By Doug Bend & Alex King This article was originally published in American Express Open Forum. If you’re looking for space for your new business, taking the time to educate yourself about the key terms of a commercial office lease before you sign can pay enormous dividends. Unlike residential leases, commercial leases typically carry long… Read More

By Doug Bend & Alex King

This article was originally published in American Express Open Forum.

If you’re looking for space for your new business, taking the time to educate yourself about the key terms of a commercial office lease before you sign can pay enormous dividends.

Unlike residential leases, commercial leases typically carry long terms, require significant monthly payments and include extensive clauses that can increase your financial obligations, such as having to pay for building maintenance and common area expenses. In addition, most leases are drafted by the building’s landlord, which means they reflect the landlord’s interests, not yours. As a result, having basic knowledge of a few key commercial leasing concepts can greatly improve the terms of your lease.

First, you should take a practical approach to gauge your relative bargaining power. During poor economic times, property owners are less likely to expand or take risks, which makes more commercial spaces available. To avoid having vacant space, they’re tend to be more flexible and offer perks to attract potential tenants.

But when the commercial real estate market is hot (as it is now), the inverse occurs. This makes it even more important for you to do your homework so you don’t sign a lease you might later find unpalatable.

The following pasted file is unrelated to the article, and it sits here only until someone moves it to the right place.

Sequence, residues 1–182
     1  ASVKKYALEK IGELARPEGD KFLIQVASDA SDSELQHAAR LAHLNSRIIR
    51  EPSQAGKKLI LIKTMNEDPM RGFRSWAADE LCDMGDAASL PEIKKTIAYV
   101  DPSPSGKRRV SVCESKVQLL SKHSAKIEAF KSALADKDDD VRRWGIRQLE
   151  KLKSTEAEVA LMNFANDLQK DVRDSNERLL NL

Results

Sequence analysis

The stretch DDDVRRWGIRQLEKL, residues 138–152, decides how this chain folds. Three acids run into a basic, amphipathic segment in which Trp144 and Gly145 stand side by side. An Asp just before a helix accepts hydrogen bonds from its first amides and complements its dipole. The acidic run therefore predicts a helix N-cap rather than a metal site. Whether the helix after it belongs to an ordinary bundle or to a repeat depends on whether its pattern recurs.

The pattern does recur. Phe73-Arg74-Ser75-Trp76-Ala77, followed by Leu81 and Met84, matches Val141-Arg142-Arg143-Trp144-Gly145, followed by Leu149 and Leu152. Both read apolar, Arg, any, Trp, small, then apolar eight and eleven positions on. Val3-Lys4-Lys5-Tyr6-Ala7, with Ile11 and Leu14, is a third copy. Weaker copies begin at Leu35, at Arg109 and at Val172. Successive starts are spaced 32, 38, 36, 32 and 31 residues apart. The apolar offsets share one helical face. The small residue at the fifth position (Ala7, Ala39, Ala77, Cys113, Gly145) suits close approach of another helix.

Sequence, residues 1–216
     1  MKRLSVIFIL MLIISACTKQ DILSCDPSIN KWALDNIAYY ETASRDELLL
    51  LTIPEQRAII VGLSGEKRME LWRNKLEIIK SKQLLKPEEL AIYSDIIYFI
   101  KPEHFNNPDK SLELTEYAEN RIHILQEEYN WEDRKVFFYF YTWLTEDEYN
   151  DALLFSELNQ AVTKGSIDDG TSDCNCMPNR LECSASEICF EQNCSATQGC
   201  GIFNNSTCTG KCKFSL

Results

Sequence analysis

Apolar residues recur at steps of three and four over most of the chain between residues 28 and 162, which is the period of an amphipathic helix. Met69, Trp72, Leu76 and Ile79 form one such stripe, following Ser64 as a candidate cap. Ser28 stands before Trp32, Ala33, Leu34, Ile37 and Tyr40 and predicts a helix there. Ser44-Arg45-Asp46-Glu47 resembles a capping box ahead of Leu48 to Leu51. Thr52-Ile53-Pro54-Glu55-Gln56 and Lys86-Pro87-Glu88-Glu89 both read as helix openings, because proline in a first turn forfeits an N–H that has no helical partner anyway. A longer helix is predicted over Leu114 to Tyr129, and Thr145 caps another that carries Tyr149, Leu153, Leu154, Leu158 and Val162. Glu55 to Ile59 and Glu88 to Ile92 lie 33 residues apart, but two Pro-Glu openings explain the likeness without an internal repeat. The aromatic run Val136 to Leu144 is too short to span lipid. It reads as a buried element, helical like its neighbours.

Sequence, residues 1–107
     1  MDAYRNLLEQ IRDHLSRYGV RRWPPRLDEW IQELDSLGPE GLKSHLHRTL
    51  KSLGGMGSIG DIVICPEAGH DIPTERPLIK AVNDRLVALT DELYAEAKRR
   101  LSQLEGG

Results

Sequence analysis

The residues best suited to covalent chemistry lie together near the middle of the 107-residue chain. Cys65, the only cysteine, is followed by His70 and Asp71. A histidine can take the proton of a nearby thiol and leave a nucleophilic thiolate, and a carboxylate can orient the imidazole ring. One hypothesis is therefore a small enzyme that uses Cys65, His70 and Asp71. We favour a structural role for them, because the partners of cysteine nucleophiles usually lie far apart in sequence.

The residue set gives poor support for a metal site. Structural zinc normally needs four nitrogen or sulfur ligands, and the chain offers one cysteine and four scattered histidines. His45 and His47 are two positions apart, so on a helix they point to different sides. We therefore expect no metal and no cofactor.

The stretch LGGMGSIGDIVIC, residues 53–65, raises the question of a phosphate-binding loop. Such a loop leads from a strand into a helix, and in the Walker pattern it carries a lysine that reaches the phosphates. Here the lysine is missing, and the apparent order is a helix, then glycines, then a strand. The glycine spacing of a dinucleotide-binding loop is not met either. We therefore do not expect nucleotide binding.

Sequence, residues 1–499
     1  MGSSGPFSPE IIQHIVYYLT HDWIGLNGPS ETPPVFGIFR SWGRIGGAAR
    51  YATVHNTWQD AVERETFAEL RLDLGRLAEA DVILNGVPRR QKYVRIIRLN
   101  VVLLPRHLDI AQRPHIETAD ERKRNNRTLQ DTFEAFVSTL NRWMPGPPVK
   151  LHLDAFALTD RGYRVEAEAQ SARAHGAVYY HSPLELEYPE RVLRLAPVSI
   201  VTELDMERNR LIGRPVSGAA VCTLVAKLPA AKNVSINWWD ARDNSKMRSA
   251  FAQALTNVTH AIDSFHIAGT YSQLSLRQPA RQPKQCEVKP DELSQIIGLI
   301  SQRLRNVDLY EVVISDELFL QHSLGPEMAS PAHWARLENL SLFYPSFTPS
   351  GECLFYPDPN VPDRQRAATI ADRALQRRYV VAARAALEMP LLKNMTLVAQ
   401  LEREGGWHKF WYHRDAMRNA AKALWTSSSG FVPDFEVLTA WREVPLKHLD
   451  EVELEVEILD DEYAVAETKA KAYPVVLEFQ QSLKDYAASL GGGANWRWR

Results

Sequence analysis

The following four provisions can help you determine whether the lease you’re about to sign is a great business opportunity—or one you should walk away from.

1. Security Deposit

As a business owner, it’s never advantageous to have a big chunk of your money tied up. Unfortunately, many landlords often require large security deposits because it helps them manage the risk of default on long-term leases. If your potential landlord insists on a significant deposit, try to get them to compromise by offering to pay the first three months of rent in advance in exchange for a lower security deposit. This way your money isn’t simply being held for security purposes.

If you have little to no credit, however, the landlord may be concerned your startup funds will dry up before the end of the lease term and won’t want to compromise on the amount of the deposit. (This is often the thinking behind commercial space for tech startups in the Bay Area.) Under these circumstances, a landlord is unlikely to accept advance rent in exchange for a lower deposit. However, they might consider a schedule that involves releasing some of the deposit back to you yearly after you’ve proved that you’re not at risk of default.

2. Additional Rent (Triple Net Expenses)

If a landlord hands you a lease that doesn’t require building expenses reimbursement from you, go out and buy yourself a lottery ticket because it’s your lucky day. Nearly all leases include additional rent charges, often in the form of “triple net expenses,” which means you’re required to pay your pro-rata share of all insurance, taxes and operating expenses for the entire building.